The Reserve Bank of India (RBI) put a moratorium on Yes Bank and, immediately, several companies that were fully dependent on it for banking services were out of service. One of the most glaring examples was PhonePe that claims to have 15 million users. Despite having such a large user base, for strange reasons, PhonePe was using only Yes Bank as its payment services-provider (PSP) bank.
Luckily, PhonePe managed to get ICICI Bank on board and resumed its services quickly. But this incident highlights the dire need to permanently have a plan B ready, especially for a critical business like financial markets.
An industry expert, who has been dealing in financial technology sector for the past almost three decades, told me that the PhonePe case was self-inflicted disaster. “How can a unified payments interface (UPI) app have only one payment gateway? That too when National Payments Corporation of India (NPCI) encourages all UPI service-providers to have as many payment service-providers (PSPs) as they can? In this case, PhonePe may have gone for PSP with lowest bidding or cheapest transaction rates offered by Yes Bank. But this is an important lesson for all other players in the market,” the expert, who does not want to be named, says.
PhonePe has now added ICICI Bank as its banking partner and is also allowing existing customers to use @ybl handles for money transactions through UPI.
Yes Bank was the first in India to digitise business-to-business (B2B) supply chain with its API (application programming interface) banking services. It allowed cash payment or receivable facility from any enterprise resource planning (ERP) system to businesses and also provided daily account settlement for easy reconciliation.
Yes Bank needed to expand its business in a market where majority were well-established players. It had the technology and, coupled with lowest and cheapest charges, it soon become preferred PSP for several apps as well as smaller banks, including cooperative, district and urban cooperative banks. These banks shared the Indian financial system code (IFSC) of Yes Bank for carrying out electronic inter-bank transactions for their customers.
When RBI imposed the moratorium on Yes Bank, many other UPI apps switched their PSP as per their plan B. Smaller banks, however, are not that lucky and will need to go through an ordeal of on-boarding other big banks with necessary permissions from RBI for changing their IFSC code or wait until Yes Bank becomes fully functional again.
IFSC is a unique 11-digit alphanumeric code where the first four characters denote name of the bank, the fifth character is zero (0), followed by six digits representing designated code of that particular branch of the bank.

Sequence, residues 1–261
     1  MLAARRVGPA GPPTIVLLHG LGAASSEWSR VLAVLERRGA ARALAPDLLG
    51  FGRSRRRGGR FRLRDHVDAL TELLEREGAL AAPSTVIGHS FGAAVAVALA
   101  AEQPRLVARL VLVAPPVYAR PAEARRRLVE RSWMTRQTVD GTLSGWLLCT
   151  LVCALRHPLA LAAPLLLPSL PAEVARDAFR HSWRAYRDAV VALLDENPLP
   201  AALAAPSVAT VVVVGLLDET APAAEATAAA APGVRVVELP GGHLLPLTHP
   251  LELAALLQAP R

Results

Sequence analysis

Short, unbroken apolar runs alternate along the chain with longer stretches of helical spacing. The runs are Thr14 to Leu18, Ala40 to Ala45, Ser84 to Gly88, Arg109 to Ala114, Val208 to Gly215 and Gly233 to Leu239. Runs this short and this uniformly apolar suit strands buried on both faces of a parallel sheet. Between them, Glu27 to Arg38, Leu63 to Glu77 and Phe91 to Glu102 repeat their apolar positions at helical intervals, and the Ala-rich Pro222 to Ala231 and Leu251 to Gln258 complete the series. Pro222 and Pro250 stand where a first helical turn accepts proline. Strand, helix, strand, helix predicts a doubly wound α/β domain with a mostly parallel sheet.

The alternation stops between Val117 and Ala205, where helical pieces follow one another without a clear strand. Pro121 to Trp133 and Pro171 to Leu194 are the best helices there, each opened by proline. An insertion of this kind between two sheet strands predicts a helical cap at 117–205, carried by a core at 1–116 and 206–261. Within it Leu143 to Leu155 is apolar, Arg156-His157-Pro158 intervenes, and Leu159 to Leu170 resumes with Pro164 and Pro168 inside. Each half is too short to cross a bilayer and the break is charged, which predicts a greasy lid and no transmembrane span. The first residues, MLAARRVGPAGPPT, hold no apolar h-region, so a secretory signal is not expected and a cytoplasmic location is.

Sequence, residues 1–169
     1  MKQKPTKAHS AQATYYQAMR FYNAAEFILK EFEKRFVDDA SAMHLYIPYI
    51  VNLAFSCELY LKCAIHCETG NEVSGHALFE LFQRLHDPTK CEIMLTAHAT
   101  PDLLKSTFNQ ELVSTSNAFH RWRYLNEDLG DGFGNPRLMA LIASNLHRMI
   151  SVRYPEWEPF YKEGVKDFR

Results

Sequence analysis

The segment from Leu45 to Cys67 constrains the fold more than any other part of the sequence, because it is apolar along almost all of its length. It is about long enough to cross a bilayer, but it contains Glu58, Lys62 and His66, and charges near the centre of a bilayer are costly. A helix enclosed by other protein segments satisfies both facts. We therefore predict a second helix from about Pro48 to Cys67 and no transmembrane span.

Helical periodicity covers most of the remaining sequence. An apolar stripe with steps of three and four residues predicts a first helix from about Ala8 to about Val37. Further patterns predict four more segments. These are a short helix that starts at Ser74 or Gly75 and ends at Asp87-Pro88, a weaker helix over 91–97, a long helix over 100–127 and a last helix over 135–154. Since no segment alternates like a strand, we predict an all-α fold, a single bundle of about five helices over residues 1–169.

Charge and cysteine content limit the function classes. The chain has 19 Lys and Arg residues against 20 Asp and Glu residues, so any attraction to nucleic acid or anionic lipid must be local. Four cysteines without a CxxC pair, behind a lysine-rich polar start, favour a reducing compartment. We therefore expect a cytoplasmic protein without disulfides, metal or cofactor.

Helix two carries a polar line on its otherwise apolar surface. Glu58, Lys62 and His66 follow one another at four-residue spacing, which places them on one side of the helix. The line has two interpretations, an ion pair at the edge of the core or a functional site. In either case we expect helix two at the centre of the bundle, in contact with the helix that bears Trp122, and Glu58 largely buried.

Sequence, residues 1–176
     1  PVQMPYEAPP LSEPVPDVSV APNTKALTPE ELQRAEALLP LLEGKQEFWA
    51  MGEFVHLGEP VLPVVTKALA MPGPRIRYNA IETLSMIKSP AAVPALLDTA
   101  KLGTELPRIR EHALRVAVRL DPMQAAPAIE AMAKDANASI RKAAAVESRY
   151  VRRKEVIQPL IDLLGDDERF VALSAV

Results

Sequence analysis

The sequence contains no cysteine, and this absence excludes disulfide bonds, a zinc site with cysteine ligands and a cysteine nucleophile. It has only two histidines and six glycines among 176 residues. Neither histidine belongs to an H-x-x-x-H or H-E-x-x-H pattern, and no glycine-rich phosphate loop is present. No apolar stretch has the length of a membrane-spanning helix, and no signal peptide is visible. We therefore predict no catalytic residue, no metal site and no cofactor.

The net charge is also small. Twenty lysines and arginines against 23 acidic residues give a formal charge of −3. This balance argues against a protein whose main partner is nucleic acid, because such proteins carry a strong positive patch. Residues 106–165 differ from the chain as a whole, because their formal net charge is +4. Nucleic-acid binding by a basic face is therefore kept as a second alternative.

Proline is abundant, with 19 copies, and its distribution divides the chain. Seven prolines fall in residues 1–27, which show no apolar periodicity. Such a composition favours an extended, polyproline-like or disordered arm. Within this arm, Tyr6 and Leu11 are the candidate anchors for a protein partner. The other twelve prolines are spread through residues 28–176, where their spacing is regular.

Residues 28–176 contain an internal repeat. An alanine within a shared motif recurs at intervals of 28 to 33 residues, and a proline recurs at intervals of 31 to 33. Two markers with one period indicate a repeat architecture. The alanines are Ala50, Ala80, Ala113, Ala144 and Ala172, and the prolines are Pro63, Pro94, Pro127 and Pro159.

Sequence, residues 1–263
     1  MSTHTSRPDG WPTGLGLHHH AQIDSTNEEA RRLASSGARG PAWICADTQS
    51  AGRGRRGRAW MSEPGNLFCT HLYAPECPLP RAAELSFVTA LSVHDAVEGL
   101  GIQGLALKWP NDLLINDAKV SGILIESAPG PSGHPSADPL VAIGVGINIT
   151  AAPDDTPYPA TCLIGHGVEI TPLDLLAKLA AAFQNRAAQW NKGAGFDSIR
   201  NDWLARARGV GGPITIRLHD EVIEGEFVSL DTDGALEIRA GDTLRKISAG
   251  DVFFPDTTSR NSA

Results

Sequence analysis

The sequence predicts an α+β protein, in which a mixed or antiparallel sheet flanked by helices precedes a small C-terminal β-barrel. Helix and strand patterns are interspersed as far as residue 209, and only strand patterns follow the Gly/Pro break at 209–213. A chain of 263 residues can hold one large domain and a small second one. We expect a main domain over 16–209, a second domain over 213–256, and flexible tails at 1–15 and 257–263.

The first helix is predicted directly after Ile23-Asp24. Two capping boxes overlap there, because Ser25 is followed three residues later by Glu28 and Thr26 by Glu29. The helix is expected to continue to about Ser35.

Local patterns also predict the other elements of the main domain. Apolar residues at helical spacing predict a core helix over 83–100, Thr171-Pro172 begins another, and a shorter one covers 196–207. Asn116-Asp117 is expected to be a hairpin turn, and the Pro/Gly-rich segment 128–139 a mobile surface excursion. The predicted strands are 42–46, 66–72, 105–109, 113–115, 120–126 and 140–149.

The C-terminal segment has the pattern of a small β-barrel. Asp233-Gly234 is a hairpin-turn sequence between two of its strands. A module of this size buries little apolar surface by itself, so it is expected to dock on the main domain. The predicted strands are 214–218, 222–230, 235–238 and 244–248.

With IFSC, transferring money online has become easier and hassle-free. RBI assigns IFSC codes to branches of the bank to allow them conduct financial transactions smoothly through national electronic fund transfer (NEFT), real-time gross settlement (RTGS) and immediate payment service (IMPS). Banks like Yes Bank provide IFSC codes to smaller banks based on their requirements. For example, a small bank with a few branches can use a single IFSC code, while a bank with multiple braches may go for several IFSC codes.
As per RBI data, Yes Bank had 3,253 IFSC codes, out of which it used 1,145 for own branches. The rest were provided by Yes Bank to several small banks from across the country. Inter-bank transactions in all these branches or banks that use IFSC codes of Yes Bank have come to a standstill from 11 February 2020.
There are about 251 cooperative, district and urban cooperative banks that will have to get a letter of acceptance from another bank through which they are willing to route their transactions. This process of on-boarding a new bank for IFSC code can take up to two weeks, says a senior (now retired) official from RBI.
Yes Bank’s strength in digital payment market was its human resources. However, following the dwindling financial position of the lender, many of the techies who were handling digital transactions business, left the Bank, the expert told me.
Earlier in 2017, State Bank of India (SBI) changed IFSC codes of about 1,300 branches following the merger of its five associate banks and Bharatiya Mahila Bank.
After the Yes Bank debacle, almost every UPI app and financial services-provider is activating, or has already activated its plan B to have another banking partner or PSP on board. Financial technology providers have learnt their lesson; but end-users or consumers are still searching for their plan B. Given the kind of digital literacy in India, many users really need hard core education on UPI and online financial transactions.